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Longtime resident shares birthday with community

Members of the First Christian Church join Hazel Craddock for a group photo Tuesday on her 100th birthday. (Photo by Maxine Wheelan)

Members of the First Christian Church join Hazel Craddock for a group photo Tuesday on her 100th birthday. (Photo by Maxine Wheelan)

Midwest City has changed a lot over the last 100 years.

Hazel Craddock has seen it all.

The longtime resident and city advocate celebrated her 100th birthday with friends, family and city leader Tuesday afternoon at Nick Harroz Community Center.  Several people shared stories about Craddock before singing Happy Birthday and enjoying cake.
Craddock said it was a pleasure spending her birthday with loved ones.
“I haven’t seen a lot of you in a long time and appreciate everyone coming here,” Craddock said. “I love you all. And thank you for being here today.”
City Manager Guy Henson was the first of several speakers. He read a brief biography and spoke about his personnel interactions with Craddock, primarily through her efforts to develop the city’s trail system. Henson presented her with roses and an honorary 20-year service pin from the City of Midwest City.
“Even though you aren’t necessarily a city employee, we feel like you’re part of the family,” Henson said.
Craddock’s daughter Judy Ritchie and nephew Randy McDonald were among those present at the celebration. McDonald said his aunt has always been a loving and hospitable woman. Ritchie said is an incredible role model and citizen.
“It has been an interesting life with a mother who is a go-getter, a bulldog and a hero,” Ritchie said. “She has been an incredible example of what to do. Sometimes I question how to do it. But this lady has been an incredible and enthusiastic citizen of Midwest City and has helped it grow. She has given us a real legacy.”
Others spoke of Craddock’s dedication to her church and other organizations.
Craddock was born July 26, 1916 in a quiet farming community that eventually became Midwest City. Her grandfather Henry Meloy, a Civil War veteran from Wisconsin, came to Oklahoma during Land Run of 1889 and homesteaded a 160-acre farm. Because the home was a dream come true, the family named it Yafa Farm. Yafa means “beautiful or pleasant to look at” in Hebrew. A plaque outside the Reed Conference Center commemorates the family homestead.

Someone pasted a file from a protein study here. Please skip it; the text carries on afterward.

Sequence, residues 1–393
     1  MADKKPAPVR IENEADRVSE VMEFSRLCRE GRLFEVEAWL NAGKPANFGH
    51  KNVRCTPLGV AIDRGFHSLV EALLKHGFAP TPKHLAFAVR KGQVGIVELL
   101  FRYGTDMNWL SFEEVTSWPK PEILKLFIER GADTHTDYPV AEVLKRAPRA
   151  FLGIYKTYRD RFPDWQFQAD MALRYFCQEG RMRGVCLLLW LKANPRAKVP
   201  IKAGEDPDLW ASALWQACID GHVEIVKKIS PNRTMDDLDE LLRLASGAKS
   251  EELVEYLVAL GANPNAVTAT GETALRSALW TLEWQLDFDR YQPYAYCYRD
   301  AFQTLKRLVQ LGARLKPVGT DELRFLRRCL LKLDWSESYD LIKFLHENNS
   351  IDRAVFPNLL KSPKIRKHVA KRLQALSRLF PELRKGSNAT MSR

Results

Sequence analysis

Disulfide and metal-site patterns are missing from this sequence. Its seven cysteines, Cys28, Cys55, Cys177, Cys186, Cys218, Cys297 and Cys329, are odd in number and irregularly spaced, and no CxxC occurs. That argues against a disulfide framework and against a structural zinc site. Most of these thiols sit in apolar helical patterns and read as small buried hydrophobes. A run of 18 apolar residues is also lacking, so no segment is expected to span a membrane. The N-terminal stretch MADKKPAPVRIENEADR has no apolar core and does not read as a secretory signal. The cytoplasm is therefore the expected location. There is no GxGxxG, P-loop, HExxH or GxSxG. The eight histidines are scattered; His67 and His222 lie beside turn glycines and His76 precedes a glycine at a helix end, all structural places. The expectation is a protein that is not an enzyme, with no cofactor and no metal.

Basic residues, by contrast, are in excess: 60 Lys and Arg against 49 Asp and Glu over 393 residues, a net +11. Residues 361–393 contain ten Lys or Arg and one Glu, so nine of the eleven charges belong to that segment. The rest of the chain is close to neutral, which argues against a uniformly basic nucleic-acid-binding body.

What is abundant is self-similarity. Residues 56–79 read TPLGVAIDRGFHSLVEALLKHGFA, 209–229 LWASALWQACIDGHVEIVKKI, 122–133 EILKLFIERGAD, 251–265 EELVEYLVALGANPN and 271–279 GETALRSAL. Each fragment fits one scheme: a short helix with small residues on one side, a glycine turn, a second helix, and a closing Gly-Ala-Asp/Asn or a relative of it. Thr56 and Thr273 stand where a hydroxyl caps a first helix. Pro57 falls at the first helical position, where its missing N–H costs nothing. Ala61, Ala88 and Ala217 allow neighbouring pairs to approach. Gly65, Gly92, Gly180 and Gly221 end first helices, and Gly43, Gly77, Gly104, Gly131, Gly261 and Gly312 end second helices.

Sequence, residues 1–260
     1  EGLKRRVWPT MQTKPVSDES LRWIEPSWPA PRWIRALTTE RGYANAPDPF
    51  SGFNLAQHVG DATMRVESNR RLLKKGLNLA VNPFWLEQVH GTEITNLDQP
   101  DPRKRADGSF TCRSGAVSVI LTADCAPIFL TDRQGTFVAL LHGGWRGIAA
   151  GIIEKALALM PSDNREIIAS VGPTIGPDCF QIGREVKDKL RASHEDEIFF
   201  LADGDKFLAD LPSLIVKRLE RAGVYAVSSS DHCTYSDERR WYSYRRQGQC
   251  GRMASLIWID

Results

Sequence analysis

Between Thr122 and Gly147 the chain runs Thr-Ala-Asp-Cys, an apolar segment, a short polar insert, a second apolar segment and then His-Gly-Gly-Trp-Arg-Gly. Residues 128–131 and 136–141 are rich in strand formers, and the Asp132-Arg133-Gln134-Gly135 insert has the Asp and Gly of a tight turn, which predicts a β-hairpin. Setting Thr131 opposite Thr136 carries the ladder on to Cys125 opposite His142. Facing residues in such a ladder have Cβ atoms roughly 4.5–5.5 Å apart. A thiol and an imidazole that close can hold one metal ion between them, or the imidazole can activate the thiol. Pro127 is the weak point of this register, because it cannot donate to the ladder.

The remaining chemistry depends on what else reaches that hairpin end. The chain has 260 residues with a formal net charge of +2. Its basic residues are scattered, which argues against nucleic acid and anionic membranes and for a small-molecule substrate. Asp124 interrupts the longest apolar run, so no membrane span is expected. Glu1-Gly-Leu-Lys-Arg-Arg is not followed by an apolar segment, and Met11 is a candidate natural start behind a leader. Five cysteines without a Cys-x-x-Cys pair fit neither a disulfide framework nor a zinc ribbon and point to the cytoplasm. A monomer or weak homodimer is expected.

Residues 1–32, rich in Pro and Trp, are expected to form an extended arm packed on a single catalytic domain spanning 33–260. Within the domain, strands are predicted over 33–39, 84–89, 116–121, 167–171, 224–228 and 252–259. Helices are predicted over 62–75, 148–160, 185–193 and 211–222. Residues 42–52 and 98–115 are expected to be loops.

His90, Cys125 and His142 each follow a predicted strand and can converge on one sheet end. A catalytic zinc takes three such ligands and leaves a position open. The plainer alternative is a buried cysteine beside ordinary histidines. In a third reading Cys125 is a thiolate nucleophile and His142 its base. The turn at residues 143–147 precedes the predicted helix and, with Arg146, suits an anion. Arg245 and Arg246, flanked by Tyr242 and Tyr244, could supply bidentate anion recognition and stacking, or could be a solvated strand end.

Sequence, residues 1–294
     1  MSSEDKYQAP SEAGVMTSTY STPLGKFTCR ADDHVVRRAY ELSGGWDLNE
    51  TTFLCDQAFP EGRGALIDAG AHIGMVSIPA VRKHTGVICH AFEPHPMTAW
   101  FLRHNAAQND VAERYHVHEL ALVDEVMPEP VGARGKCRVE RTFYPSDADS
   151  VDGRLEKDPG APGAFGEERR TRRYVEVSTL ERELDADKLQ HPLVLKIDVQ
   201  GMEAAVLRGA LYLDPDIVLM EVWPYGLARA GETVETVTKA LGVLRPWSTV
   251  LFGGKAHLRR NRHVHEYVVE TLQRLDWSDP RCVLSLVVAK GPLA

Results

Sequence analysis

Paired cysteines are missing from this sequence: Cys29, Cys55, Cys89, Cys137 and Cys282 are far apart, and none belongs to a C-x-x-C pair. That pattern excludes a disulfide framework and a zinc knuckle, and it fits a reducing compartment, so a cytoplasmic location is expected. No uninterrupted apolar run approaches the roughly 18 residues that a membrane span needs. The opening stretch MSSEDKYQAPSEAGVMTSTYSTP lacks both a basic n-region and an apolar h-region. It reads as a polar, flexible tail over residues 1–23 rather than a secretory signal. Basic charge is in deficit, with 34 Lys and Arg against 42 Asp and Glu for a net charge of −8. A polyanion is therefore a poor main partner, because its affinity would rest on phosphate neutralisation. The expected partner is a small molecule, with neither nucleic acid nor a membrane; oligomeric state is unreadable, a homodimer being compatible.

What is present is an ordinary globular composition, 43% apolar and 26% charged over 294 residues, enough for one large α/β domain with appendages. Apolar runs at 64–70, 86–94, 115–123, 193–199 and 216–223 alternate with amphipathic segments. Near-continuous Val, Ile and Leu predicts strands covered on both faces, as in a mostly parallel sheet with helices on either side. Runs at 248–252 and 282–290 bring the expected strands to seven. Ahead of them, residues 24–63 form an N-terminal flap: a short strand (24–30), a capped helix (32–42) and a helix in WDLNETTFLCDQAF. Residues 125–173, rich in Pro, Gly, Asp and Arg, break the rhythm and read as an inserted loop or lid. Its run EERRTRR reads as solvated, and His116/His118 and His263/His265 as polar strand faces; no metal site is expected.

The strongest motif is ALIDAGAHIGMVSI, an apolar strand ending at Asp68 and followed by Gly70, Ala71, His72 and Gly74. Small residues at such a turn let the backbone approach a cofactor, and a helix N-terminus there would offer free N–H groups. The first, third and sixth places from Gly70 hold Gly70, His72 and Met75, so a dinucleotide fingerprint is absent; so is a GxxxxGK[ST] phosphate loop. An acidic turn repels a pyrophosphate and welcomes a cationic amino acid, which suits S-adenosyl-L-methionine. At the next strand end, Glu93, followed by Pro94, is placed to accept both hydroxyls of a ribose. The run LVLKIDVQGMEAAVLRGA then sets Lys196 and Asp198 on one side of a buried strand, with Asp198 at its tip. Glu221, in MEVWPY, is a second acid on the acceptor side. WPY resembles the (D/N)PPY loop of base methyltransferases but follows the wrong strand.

The family farm was home to Craddock for years. She attended Soldier Creek School, Sooner School, and later business school. At age 15, she began working at the Ten Cents Store and later at a bond company and federal corporation.
She married in 1939 and later had one daughter.
Craddock has been an active member of the community for years. She is a longtime member of First Christian Church. She organized a craft designers association in Midwest City, was a member of the Eastern Star, and other organizations.
Her most notable efforts have helped beautify Midwest City. Craddock petitioned city leaders to establish a nature trail along Solider Creek in Joe B. Barnes Regional Park. The Solider Creek Nature Trail and Memory Lane was developed and is a favorite spot for residents to run, walk and enjoy the outdoors. The city is continuing to expand the trail system.
Craddock also served on the city’s Parks and Recreation Board, Tree Board and Trails Advisory Committee. Her commitment to the trails and outdoors earned her the title “Mother Nature” in Midwest City.

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